Take time to carefully review your family’s financial situation and identify every financing resource available. Be sure to explore all options before applying for an alternative loan.
Alternative loans should be the last option a student should consider. The Federal Direct and the Federal PLUS loan programs are better options. If you need to borrow an alternative loan be sure that you have borrowed the maximum Federal Direct loan for which you are eligible. First year students may borrow up to $3,500; second year students may borrow up to $4,500; and for each subsequent year, $5,500; for an aggregate of $23,000. Students may borrow an additional $2,000 in an unsubsidized student loan in addition to each of the loan limits shown above.
Determine the total amount of education debt you and your family are willing to accumulate during the student’s college enrollment. Take into consideration the four years worth of federal student loan debt the student will be taking on as well as what income the student may realistically expect after graduation. Use on-line calculators to determine monthly payments.
Think long term when choosing an alternative loan. You should borrow from the same alternative loan program each year during your college career. This will make repayment easier and more cost effective for you. Private loan consolidation, combining two or more different alternative loans into one new consolidated alternative loan, is possible but the choices are very limited and their terms are not attractive, so you must choose a loan that meets your needs now and for the future.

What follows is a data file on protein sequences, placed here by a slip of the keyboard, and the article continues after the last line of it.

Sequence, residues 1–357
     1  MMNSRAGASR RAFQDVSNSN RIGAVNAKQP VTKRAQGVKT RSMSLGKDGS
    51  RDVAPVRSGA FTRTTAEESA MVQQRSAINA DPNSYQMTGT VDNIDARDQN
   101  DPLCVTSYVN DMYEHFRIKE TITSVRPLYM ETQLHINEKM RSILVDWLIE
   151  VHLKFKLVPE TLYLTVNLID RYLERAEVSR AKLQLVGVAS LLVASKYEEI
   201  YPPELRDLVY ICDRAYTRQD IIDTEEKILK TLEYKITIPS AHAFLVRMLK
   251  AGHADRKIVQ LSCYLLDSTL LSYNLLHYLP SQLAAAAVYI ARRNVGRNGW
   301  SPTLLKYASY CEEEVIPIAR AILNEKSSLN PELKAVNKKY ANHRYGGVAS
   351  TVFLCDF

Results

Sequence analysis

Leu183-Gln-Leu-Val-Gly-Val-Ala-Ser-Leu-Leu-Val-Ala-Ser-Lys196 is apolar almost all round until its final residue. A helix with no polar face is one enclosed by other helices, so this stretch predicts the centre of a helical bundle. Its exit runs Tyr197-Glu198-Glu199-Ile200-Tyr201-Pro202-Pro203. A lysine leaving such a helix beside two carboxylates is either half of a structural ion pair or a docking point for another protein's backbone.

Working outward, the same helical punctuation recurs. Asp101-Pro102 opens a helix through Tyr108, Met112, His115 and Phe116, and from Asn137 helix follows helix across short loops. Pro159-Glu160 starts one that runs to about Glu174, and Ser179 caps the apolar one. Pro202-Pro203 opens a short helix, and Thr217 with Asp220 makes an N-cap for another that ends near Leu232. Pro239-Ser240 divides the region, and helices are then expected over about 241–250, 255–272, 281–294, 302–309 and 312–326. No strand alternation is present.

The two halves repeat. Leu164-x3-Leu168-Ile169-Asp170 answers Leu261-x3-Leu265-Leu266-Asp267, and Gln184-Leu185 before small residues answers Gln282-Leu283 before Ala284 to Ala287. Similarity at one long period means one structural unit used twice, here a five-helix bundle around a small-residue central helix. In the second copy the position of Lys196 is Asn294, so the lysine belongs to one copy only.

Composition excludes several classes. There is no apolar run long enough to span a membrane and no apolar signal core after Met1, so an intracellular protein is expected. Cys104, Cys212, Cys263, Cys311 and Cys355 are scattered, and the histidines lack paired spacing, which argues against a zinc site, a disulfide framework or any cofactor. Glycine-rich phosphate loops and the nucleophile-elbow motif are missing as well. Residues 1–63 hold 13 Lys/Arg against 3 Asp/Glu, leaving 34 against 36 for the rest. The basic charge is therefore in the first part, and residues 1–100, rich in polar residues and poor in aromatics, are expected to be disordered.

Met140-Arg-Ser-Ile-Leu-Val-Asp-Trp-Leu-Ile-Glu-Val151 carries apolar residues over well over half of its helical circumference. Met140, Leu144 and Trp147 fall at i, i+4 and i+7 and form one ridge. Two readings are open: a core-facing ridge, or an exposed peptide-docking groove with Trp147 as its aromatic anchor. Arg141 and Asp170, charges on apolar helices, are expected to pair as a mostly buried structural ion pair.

Thoroughly review and decide how important the various features of a loan are to you before choosing one; these features include fees, grace periods, lengths of repayment terms, how future interest rates are determined, co-signer release availability, borrower benefits and incentives.
We recommend that students apply for an alternative loan with a co-signer. This will reduce any fees, and lower the margin above the index in determining your interest rate.
Choose a loan which has a competitive margin above the index. This margin will determine your future interest rates. An index is a nationally recognized interest rate that is used by the lender to determine your future interest rates. The most popular indices are the Wall Street Journal (WSJ) Prime Rate and the London Inter-Bank Offered Rate (LIBOR). The margin is the amount which is added to the index which determines your interest rate. For example, if the index is a WSJ Prime Rate of 4.00% and your margin is 1% above the margin, then your interest rate is 5.00%.